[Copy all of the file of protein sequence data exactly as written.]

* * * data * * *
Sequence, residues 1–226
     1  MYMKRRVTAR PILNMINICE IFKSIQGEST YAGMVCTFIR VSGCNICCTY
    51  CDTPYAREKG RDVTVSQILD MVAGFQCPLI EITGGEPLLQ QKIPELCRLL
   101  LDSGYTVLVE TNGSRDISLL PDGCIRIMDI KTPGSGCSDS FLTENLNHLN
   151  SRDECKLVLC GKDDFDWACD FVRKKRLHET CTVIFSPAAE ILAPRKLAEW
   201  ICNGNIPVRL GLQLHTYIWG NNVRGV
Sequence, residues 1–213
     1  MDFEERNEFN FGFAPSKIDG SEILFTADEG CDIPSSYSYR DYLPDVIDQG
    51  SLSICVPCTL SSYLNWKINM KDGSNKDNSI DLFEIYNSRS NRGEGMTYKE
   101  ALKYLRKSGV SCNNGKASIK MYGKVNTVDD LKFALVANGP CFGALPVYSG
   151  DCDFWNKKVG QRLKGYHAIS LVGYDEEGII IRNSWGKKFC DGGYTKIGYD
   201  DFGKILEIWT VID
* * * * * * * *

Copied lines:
Sequence, residues 1–226
     1  MYMKRRVTAR PILNMINICE IFKSIQGEST YAGMVCTFIR VSGCNICCTY
    51  CDTPYAREKG RDVTVSQILD MVAGFQCPLI EITGGEPLLQ QKIPELCRLL
   101  LDSGYTVLVE TNGSRDISLL PDGCIRIMDI KTPGSGCSDS FLTENLNHLN
   151  SRDECKLVLC GKDDFDWACD FVRKKRLHET CTVIFSPAAE ILAPRKLAEW
   201  ICNGNIPVRL GLQLHTYIWG NNVRGV
Sequence, residues 1–213
     1  MDFEERNEFN FGFAPSKIDG SEILFTADEG CDIPSSYSYR DYLPDVIDQG
    51  SLSICVPCTL SSYLNWKINM KDGSNKDNSI DLFEIYNSRS NRGEGMTYKE
   101  ALKYLRKSGV SCNNGKASIK MYGKVNTVDD LKFALVANGP CFGALPVYSG
   151  DCDFWNKKVG QRLKGYHAIS LVGYDEEGII IRNSWGKKFC DGGYTKIGYD
   201  DFGKILEIWT VID